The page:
Name a cockroach after your lover: Valentine’s Day at the Bronx Zoo

cockroach, cockroachesThe Bronx Zoo has come up with a good way to show that special someone you care–name a giant cockroach after them.

The BBC reports that for ten bucks you can buy the rights to one of the zoo’s 58,000 giant Madagascar Hissing Cockroaches and name it after that special someone who bugs you more than anybody else. The zoo says they sold 1,000 dedications in the first day of the promotion. Perhaps their tagline helped: “Flowers wilt. Chocolates melt. Roaches are forever.”

Indeed they are. They’ve been around since before the dinosaurs and they’ll probably be around after we’re long gone. The Bronx Zoo has some interesting facts about the Madagascar Hissing Cockroach, like that they can grow to three inches long and the hiss they make can be as loud as a lawnmower.

They’re nutritious too. Check out our 8 bug-eating videos including two on eating cockroachs. Also check out the far less disgusting but much more educational the video below.

[Photo courtesy user Husond via Wikimedia Commons]

Japanese chef publishes insect cuisine cookbook

One of the great joys of traveling is the chance to eat something new. Whether it’s a mouthwatering steak in Argentina or an English breakfast in London, exposure to new cuisine helps us understand the places we visit and people we meet. But of all the foods we’ll try when traveling, many people get all squeamish when it comes to insects. Not so fast says Japanese chef Shoichi Uchiyama, whose new bug recipe cookbook aims to give eaters everywhere a fresh look at eating and consuming these “untouchables” of the food world.

Uchiyama, who first became interested in insect cuisine during a workshop in 1998 in Tokyo, has become a devoted advocate of increased consumption of insects by humans. The chef points to the many benefits of insects as food, including their high protein content and the ability for farmers to raise them quickly and cheaply. He also notes that more than 1400 varieties of insects are consumed worldwide, from Africa to Latin America and Asia. Uchiyama’s new 256 page cookbook aims to further dispel humans’ natural aversion to eating bugs by providing a run-down of how to cook everything from cockroaches in pink vinegar soup, to moth pupae covered in sugar to pizza covered in water bugs.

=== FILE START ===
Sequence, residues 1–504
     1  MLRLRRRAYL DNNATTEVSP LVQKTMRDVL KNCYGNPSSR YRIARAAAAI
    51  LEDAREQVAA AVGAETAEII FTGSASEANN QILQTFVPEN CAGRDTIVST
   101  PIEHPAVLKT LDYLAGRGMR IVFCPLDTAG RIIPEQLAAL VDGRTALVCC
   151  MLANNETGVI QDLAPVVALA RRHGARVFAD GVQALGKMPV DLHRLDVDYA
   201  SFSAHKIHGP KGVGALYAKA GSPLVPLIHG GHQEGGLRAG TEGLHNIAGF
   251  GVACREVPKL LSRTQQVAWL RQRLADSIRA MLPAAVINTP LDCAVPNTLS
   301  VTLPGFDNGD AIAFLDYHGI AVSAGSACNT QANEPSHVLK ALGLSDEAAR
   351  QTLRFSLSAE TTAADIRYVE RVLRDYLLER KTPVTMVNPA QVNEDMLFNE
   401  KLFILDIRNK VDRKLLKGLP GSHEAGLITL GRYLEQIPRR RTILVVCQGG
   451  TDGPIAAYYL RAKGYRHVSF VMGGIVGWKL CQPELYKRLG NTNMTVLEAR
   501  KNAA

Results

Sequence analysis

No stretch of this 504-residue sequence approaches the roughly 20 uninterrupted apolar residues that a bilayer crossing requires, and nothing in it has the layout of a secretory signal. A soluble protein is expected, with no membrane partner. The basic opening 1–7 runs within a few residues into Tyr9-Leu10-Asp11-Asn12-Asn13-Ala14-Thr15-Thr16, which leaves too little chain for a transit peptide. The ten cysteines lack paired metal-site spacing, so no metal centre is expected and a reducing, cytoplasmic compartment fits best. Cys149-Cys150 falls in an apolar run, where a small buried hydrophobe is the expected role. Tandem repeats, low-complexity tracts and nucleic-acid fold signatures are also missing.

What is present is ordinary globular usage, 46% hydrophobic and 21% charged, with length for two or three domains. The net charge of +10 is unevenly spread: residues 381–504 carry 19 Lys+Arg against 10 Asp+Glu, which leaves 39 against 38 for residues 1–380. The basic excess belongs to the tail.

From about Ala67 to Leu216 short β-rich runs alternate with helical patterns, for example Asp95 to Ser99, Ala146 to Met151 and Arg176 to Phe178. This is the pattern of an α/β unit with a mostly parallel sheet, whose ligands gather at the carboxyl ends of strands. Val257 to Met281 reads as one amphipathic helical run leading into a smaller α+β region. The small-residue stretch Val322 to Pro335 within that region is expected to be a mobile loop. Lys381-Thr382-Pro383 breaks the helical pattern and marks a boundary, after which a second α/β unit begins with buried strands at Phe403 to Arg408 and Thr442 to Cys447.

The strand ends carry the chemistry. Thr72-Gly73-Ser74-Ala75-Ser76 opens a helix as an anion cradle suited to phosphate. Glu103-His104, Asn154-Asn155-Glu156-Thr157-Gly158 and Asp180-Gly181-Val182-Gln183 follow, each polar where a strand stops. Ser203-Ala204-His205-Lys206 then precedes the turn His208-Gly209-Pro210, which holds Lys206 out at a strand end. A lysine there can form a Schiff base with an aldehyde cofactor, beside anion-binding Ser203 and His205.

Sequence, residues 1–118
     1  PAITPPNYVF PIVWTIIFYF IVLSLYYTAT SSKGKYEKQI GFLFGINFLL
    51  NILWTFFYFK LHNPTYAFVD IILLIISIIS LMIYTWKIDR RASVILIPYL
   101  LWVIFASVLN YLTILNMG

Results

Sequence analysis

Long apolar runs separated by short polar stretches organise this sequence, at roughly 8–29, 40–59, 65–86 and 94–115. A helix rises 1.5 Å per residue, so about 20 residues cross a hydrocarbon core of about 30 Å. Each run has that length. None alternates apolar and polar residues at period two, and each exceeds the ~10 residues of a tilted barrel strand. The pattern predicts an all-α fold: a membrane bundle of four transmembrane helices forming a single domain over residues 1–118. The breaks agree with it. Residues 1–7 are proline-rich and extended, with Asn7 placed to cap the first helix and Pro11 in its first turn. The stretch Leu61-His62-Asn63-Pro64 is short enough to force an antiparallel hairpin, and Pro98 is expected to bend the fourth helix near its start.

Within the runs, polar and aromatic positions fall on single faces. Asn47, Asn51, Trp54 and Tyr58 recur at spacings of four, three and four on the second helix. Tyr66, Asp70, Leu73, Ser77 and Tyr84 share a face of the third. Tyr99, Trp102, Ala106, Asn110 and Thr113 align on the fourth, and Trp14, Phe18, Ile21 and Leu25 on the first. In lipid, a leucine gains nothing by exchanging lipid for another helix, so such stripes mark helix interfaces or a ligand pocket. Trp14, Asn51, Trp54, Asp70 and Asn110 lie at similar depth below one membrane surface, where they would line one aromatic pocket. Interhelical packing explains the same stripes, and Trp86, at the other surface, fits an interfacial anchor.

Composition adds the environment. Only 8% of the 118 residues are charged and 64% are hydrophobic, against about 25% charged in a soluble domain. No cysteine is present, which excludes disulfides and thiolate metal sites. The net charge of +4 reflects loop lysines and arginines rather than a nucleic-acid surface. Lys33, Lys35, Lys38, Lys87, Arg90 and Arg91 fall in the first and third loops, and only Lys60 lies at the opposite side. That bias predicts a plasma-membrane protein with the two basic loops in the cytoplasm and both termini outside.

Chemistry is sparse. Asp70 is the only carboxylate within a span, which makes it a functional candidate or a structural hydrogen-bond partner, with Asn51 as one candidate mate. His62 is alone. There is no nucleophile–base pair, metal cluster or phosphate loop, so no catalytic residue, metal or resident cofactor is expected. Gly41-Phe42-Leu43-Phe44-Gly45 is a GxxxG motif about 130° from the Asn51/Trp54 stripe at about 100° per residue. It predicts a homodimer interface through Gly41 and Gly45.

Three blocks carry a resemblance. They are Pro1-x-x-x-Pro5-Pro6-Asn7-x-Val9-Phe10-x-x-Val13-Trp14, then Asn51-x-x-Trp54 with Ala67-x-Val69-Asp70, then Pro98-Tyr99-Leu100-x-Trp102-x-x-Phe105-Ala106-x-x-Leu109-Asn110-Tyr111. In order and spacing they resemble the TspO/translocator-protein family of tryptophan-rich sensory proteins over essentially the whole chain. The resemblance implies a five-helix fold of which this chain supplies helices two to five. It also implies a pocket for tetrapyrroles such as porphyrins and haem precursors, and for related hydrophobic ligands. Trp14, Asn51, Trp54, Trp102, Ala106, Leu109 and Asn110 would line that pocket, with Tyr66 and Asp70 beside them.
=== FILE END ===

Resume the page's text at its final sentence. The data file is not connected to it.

What do you think? Does a sugar-covered moth-pupae get your mouth watering? Even if you think Chef Uchiyama has gone off the deep end, his enthusiasm and creativity are certainly cause for a second look at that plate of crickets. Have you ever eaten insects during your travels? Tell us about your experience in the comments.

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Food Poisoning: Meet the Bugs

There is nothing like an episode of food poisoning that can wreck one’s trip, change priorities, or–if it takes more than two days–even reconsider one’s view on euthanasia. I have been there many times, either myself or in spirit with other people. Yes, there was the cheap sushi in New York, the grocery store pre-cut water melon in Portland, the chicken satay in Amsterdam, the sandwich at Arby’s, and the Lord-knows-what in Egypt (this one lasted for weeks and I contemplated death several times).

Because I like to know my enemy, I enjoyed this article on ivillage.co.uk entitled “How to avoid food poisoning while travelling”. Most of the tips are quite obvious, although often hard to fully control: washing your hands, avoiding tap water (ice, fresh vegetables washed in fresh water), avoiding uncooked meat and unpasteurized milk, etc. The piece I found interesting is the description of the different “bugs” and their symptoms: Norovirus, E-coli (see picture), Salmonella, Campylobacter and Bacillus cereus. The little buggers look so harmless on screen…